The Challenger's arguments didn't pass muster in the other (identical) Aave token cases and therefore they should not here since the cases are all identical in their premise and scope.
Since the Challenger’s (anti-removal) side copy/pasted their arguments over here from Case 536, I might as well do the same for the pro-removal side. Apologies in advance for the long post, but it is necessary for all jurors in the current round to read for context so they can understand why this particular group of cases (536, 537, 538, 539) is so contentious. The Requester’s (pro-removal) side is built upon far better logic and reasoning which is why it is a hill they are apparently willing to die on. For what it’s worth, Cases 537 and 538 have already concluded and have been adjudicated in favor of the Requester’s (pro-removal) side and are no longer being appealed by the Challenger/pro-removal side.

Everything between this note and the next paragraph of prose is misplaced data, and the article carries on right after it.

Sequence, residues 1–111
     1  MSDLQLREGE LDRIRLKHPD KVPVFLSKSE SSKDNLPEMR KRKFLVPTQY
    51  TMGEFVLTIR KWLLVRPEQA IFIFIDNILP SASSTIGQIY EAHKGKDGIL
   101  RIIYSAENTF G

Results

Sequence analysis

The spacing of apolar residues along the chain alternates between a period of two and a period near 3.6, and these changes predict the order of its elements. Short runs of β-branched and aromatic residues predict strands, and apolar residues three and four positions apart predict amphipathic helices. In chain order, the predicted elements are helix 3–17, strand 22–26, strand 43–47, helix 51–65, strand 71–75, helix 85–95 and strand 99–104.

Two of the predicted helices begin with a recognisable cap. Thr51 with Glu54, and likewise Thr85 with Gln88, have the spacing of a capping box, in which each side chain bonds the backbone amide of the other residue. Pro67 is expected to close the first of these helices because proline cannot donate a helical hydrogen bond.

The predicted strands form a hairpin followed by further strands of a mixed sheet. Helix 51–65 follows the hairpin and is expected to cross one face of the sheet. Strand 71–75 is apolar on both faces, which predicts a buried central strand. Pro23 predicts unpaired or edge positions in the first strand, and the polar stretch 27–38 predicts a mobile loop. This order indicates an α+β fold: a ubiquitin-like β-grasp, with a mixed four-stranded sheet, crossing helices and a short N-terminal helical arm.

The following can be read over in the evidence section of Case 536 (https://court.kleros.io/cases/536) for those who would prefer to break it up into more manageable/readable chunks rather than wade through it all at once here. The content is the same.